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legal news & tips for employees published by Law Office of Eugene Lee

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What Break Periods Am I Entitled To?

What Break Periods Am I Entitled To?

Under California law (which is much more generous to employees than federal law), if you are a non-exempt worker, you are entitled to meal and rest breaks: a 30-minute meal break if you work more than 5 hours in a workday, and 10 minutes breaks for every 4 hours you ...

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Can My Employer Break My Employment Contract? Can I?

Can My Employer Break My Employment Contract? Can I?

Whenever it comes to contracts, the answer is always the same: it depends on what the contract says. A contract is a contract is a contract. Neither you nor your employer can breach a contract without facing the consequences. That is, unless the contract says it's ok. This is why ...

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Top 5 Tips: So You Want to Sue Your Boss?

Top 5 Tips: So You Want to Sue Your Boss?

So you want to sue your employer for racial discrimination, sexual harassment, whistleblower retaliation, failure to pay you your last paycheck, what have you. Now what? Here are five tips all clients should keep in mind before they pick up the phone to call a lawyer. Tip 1: Write it, don’t ...

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Can My Boss Fire Me at Any Time for Any Reason? What is “at will”?

Can My Boss Fire Me at Any Time for Any Reason? What is “at will”?

"At-Will". California is an "at-will" employment state. What does this mean? In most cases, it means that your boss can fire you at any time for almost any reason or no reason at all. She can fire you because she doesn't like you thinks you're too tall or short thinks you talk too ...

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Background Checks — What Are My Rights?

Background Checks -- What Are My Rights?

If you're applying for a job, or want to keep one, you're going to have to accept that background checks are becoming a part of work life. An estimated 50% of resumes submitted by job applicants contain false or inaccurate information. Bad employees who slip through the hiring process can ...

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An Ode to Whistleblowers and the Law: Part II

Have you blown the whistle on illegal conduct at your workplace? If so, there are state and federal laws that could protect you from retaliation by your employer. For instance, the federal Sarbanes-Oxley Act of 2002 prohibits retaliation against employees of publicly-traded companies who (more…)

An Ode to Whistleblowers and the Law: Part I

Wikipedia defines a “whistleblower” as a “person who publicly alleges concealed misconduct on the part of an organization or body of people, usually from within that same organization”. It takes a special person to be a whistleblower, to set aside their own self-interest in favor of what’s right, to stand alone (more…)

Former CIA Operative Sues Agency for Suppressing WMD Intelligence

It takes a lot of courage for an employee to stand up to their employer when asked to break the law or look the other way. For those who choose to Do the Right Thing, the decision typically wreaks havoc on their jobs, their careers, their marriages, their finances – on their (more…)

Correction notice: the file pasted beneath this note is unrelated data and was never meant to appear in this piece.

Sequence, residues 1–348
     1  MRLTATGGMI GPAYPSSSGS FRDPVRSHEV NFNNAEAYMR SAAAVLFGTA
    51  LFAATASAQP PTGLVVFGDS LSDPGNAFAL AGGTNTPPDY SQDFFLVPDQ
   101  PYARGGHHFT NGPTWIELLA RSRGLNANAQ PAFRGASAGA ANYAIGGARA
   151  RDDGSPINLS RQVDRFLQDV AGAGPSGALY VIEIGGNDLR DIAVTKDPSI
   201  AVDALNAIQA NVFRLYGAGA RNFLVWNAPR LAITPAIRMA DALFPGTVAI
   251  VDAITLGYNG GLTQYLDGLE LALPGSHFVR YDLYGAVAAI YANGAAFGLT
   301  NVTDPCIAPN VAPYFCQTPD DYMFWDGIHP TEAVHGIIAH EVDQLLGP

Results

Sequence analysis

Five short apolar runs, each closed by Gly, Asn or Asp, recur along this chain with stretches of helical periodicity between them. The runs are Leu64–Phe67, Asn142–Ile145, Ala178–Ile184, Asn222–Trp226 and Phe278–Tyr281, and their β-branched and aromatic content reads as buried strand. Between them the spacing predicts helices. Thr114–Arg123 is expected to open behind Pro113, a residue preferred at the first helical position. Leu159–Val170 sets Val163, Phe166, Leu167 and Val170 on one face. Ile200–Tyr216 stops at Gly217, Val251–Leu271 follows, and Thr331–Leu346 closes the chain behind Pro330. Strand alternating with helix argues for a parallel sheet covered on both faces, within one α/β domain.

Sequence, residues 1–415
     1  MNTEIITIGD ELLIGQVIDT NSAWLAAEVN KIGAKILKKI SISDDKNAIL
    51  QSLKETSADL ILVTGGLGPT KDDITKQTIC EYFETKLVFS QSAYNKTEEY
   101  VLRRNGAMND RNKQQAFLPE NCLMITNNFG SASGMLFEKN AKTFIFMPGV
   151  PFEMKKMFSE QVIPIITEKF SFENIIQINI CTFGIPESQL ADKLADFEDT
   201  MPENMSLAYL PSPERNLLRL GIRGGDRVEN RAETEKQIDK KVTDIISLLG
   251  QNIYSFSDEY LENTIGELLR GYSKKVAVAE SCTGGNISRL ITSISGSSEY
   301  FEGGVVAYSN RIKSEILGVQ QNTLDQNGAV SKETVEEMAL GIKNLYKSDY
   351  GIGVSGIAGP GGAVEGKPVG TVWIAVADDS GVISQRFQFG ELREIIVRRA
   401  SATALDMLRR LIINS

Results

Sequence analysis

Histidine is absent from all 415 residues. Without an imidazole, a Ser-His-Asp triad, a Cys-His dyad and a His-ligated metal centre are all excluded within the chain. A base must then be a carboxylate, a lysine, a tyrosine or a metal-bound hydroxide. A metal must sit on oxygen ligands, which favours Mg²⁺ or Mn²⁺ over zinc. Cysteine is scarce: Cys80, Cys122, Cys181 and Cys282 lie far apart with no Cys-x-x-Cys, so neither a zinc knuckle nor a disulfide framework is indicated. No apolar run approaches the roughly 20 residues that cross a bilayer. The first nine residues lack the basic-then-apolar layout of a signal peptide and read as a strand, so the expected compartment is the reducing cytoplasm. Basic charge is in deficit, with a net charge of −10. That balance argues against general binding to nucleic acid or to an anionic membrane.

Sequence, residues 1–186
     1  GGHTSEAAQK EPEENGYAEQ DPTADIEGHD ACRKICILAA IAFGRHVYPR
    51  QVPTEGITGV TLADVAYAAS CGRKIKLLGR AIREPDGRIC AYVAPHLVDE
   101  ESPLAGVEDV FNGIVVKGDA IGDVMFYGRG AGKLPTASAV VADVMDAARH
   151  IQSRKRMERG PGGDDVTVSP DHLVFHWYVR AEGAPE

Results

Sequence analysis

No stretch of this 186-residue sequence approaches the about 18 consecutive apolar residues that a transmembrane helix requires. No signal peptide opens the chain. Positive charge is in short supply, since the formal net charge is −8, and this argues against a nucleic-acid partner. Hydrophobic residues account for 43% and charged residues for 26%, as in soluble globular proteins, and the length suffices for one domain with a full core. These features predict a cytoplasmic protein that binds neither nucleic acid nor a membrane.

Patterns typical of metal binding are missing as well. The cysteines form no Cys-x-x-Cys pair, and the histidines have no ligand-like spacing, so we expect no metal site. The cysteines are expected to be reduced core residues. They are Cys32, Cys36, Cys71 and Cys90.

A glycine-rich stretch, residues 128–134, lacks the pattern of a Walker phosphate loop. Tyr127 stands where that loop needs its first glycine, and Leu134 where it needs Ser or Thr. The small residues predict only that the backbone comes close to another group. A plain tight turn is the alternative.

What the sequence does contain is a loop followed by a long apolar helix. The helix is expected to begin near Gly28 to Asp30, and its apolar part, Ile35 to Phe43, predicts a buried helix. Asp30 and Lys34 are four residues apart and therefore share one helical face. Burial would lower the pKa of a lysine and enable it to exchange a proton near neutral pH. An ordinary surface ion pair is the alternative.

Whistleblower Doctors are a Rare Breed

Did you know that, under California’s current system, doctors police and regulate themselves? If a doctor’s competence falls under suspicion, under a system called “peer review”, other doctors are expected to report, review and, if necessary, take action against the errant doctor.This probably seemed like a good idea at the time. After all, who better to judge if a doctor is screwing up than other doctors? And doctors probably prefer to police themselves than to have some pesky government agency watch over them. (more…)

Senate Passes Legislation to Strengthen Whistleblower Protection Act

Government employees who speak out against corruption, fraud or danger to public safety, usually at great cost to their careers and personal lives, have long found the door to justice slammed shut in their faces. U.S. officials have engaged in nothing less than all-out war to silence and punish whistleblowers. The courts, instead of upholding the law, have (more…)

And the Winner for Most Popular Discrimination Complaint in the US Is . . .

Ever wonder what the most popular discrimination complaint in the US is? According to the Equal Employment Opportunity Commission, the answer is racial discrimination / racial harassment. Following close behind are 2. sex discrimination / sexual harassment, 3. retaliation for making a discrimination complaint and 4. disability discrimination.

I’ve created the below chart from discrimination charge statistics published on the EEOC’s website. Because most people who file an EEOC charge list multiple types of discrimination, the total number of charges is actually less than what’s indicated, (more…)

DLSE: Retaliated Employees Need Not File with State Labor Commissioner

There has been some confusion among federal and state courts in California as to whether an employee who has been the victim of whistleblower retaliation by their employer (under Cal. Labor Code s. 1102.5) must first file a complaint with the Labor Commissioner (under Cal. Labor Code s. 98.7) before they can proceed with filing a lawsuit in court. This is important because it potentially creates yet another hurdle for an (more…)